Scientists and drillers recovered a remarkable suite of heat-tempered basalts that provide a detailed picture of the rarely seen boundary between magma and seawater. These samples were collected during a return to ODP Hole 1256D, one of the deepest hard rock penetration sites of scientific ocean drilling. ODP Hole 1256D has been stabilized, cleared to its full depth, and primed for further deepening.
Integrated Ocean Drilling Program (IODP) Expedition 335 Superfast Spreading Rate Crust 4 recently completed operations in Ocean Drilling Program (ODP) Hole 1256D, a deep scientific borehole that extends more than 5,000 feet below the seafloor into the Pacific Ocean’s igneous crust – rocks that formed through the cooling and crystallization of magma, and form the basement of the ocean floor.
An international team of scientists led by co-chief scientists Damon Teagle (National Oceanographic Center Southampton, University of Southampton in the U.K.) and Benoît Ildefonse (CNRS, Université Montpellier 2 in France) returned to ODP Hole 1256D aboard the scientific research vessel, JOIDES Resolution, to sample a complete section of intact oceanic crust down into gabbros.
Gabbros are coarse-grained intrusive rocks formed by the slow cooling of basaltic magmas. They make up the lower two-thirds of the ocean crust. The intrusion of gabbros at the mid-ocean ridges is the largest igneous process active on our planet with more than 7 cubic miles of new magma from the mantle intruded into the crust each year. The minerals, chemistry and textures of gabbroic rocks preserve records of the processes that occur deep within the Earth’s mid-ocean ridges, where new ocean crust is formed.
“The formation of new crust is the first step in Earth’s plate tectonic cycle,” explains Teagle. “This is the principal mechanism by which heat and material rise from within the Earth to the surface of the planet. And it’s the motion and interactions of Earth’s tectonic plates that drive the formation of mountains and volcanoes, the initiation of earthquakes, and the exchange of elements (such as carbon) between the Earth’s interior, oceans and atmosphere.”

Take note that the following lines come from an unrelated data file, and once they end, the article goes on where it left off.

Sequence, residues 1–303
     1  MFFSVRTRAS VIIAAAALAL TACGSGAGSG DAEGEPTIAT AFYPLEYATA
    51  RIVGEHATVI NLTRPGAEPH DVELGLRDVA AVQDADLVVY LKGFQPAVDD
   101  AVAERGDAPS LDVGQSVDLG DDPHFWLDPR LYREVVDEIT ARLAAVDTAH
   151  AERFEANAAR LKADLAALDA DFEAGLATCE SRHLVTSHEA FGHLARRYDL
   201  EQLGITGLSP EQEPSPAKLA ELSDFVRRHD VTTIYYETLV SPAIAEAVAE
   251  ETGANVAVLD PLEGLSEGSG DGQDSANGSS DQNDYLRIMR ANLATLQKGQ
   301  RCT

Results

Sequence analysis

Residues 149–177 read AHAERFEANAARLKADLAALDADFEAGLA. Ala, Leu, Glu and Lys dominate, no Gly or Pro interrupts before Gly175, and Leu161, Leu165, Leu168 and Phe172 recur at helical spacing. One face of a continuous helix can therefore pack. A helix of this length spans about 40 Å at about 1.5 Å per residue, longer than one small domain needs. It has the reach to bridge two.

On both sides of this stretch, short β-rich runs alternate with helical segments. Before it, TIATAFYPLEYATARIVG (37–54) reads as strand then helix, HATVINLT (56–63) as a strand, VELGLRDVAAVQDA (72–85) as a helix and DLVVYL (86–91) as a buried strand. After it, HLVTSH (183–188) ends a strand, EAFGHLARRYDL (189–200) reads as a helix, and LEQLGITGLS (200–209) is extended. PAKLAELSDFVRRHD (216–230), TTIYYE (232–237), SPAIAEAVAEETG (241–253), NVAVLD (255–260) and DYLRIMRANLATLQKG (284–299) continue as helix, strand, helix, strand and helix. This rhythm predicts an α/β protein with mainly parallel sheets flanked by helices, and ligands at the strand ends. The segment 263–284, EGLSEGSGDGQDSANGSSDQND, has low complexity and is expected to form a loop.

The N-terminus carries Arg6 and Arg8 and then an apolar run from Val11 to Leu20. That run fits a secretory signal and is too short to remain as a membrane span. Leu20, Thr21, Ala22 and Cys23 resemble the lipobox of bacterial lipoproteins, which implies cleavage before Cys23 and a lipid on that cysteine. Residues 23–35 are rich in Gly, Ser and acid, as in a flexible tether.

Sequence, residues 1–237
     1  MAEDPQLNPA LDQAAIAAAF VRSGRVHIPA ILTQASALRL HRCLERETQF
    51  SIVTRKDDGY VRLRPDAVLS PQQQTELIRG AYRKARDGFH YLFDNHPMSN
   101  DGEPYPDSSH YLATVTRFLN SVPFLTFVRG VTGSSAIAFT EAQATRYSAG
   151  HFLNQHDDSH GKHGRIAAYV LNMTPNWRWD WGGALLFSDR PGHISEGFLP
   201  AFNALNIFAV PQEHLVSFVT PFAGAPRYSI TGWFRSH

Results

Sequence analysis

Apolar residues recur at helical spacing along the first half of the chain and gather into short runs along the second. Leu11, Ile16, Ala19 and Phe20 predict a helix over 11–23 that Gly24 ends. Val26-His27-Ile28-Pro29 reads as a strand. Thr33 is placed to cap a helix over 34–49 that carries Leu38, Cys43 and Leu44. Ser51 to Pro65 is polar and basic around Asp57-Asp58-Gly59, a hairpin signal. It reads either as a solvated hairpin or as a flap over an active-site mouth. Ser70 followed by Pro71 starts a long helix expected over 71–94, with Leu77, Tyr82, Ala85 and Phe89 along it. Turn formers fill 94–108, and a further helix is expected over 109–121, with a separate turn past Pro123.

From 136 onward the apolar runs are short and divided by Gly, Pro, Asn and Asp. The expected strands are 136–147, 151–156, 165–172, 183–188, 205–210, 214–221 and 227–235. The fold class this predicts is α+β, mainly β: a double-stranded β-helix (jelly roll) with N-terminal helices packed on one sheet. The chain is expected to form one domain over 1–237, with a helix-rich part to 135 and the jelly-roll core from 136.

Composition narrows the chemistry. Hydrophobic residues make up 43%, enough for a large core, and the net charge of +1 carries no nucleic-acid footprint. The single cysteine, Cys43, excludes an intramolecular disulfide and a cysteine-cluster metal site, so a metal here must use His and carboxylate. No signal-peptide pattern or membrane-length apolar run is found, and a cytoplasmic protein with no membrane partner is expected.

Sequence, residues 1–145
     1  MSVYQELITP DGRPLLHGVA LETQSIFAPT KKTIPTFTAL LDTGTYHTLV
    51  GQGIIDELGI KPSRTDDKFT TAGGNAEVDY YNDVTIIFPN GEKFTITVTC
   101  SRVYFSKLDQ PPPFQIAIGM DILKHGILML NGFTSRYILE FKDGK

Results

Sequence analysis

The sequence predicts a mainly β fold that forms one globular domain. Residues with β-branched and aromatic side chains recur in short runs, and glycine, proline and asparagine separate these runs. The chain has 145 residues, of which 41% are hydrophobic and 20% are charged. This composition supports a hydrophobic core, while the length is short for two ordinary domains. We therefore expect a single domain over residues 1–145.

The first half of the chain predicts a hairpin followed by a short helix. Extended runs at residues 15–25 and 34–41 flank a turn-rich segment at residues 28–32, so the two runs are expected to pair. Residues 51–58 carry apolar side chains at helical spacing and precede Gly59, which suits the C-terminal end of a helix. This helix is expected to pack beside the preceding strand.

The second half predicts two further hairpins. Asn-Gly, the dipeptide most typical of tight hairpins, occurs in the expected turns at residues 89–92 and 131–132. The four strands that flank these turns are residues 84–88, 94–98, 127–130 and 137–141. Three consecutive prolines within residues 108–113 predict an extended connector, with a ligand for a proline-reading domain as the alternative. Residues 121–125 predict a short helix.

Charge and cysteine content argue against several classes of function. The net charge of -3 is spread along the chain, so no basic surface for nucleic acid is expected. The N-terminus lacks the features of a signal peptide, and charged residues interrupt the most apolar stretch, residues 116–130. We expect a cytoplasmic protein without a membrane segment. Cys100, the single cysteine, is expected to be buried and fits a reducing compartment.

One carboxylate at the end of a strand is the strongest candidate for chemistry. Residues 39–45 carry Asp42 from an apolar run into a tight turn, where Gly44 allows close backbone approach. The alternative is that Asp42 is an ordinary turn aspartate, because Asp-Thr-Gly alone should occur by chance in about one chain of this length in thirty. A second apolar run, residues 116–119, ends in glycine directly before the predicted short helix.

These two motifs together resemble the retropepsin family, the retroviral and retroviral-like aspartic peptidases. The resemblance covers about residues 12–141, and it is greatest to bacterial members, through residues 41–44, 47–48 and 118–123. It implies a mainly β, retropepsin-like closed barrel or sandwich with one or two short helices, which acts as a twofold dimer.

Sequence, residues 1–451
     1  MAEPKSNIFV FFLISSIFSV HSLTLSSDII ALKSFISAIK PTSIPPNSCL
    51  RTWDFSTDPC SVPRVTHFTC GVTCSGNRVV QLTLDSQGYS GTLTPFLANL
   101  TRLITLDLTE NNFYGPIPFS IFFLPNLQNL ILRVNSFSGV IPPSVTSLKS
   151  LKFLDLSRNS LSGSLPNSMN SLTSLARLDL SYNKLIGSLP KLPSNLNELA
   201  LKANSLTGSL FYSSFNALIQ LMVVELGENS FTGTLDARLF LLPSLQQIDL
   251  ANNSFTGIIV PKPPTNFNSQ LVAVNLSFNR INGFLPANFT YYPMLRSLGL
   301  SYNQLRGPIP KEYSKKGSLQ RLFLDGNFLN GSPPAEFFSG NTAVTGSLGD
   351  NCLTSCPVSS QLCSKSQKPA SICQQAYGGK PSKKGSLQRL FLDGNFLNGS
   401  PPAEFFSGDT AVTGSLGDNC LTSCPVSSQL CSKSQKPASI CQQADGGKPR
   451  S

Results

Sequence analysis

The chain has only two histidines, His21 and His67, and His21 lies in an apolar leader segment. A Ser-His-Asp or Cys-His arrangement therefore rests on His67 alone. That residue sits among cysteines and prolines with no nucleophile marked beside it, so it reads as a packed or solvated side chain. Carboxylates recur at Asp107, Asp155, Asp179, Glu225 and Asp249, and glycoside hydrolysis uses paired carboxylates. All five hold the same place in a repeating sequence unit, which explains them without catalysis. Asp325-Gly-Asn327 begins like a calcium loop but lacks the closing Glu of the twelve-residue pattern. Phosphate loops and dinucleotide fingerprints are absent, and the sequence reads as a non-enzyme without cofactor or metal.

“Understanding the mechanisms that construct new tectonic plates has been a major, long-standing goal of scientific ocean drilling,” adds Ildefonse. “But progress has been inhibited by a dearth of appropriate samples because deep drilling (at depths greater than 3,000 feet into the crust) in the rugged lavas and intrusive rocks of the ocean crust continues to pose significant technical challenges.”
ODP Hole 1256D lies in the eastern equatorial Pacific Ocean about 550 miles to the west of Costa Rica, and 700 miles east of the present day East Pacific Rise. This hole is in 15-million-year-old crust that formed during an episode of “superfast” spreading at the ancient East Pacific Rise, when the newly formed plates were moving apart by more than 8 inches per year.
“Although a spreading rate of 8 inches per year is significantly faster than the fastest spreading rates on our planet today, superfast-spread crust was an attractive target,” states Teagle. “Seismic experiments at active mid-ocean ridges indicate that gabbroic rocks should occur at much shallower depths than in crust formed at slower spreading rates. In 2005, we recovered gabbroic rocks at their predicted depth of approximately 4,600 feet below the seafloor, vindicating the overall ‘superfast’ strategy.”